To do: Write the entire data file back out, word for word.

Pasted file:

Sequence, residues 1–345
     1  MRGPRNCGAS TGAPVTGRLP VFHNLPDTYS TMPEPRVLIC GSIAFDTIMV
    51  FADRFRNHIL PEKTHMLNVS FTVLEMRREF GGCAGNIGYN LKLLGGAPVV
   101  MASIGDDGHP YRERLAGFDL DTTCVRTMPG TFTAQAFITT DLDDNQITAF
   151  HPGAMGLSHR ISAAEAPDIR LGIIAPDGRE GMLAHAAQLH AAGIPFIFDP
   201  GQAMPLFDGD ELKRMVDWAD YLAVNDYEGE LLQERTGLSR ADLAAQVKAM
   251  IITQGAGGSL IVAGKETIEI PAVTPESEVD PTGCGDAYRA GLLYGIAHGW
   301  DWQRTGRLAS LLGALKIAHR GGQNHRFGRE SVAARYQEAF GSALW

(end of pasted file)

Sequence, residues 1–345
     1  MRGPRNCGAS TGAPVTGRLP VFHNLPDTYS TMPEPRVLIC GSIAFDTIMV
    51  FADRFRNHIL PEKTHMLNVS FTVLEMRREF GGCAGNIGYN LKLLGGAPVV
   101  MASIGDDGHP YRERLAGFDL DTTCVRTMPG TFTAQAFITT DLDDNQITAF
   151  HPGAMGLSHR ISAAEAPDIR LGIIAPDGRE GMLAHAAQLH AAGIPFIFDP
   201  GQAMPLFDGD ELKRMVDWAD YLAVNDYEGE LLQERTGLSR ADLAAQVKAM
   251  IITQGAGGSL IVAGKETIEI PAVTPESEVD PTGCGDAYRA GLLYGIAHGW
   301  DWQRTGRLAS LLGALKIAHR GGQNHRFGRE SVAARYQEAF GSALW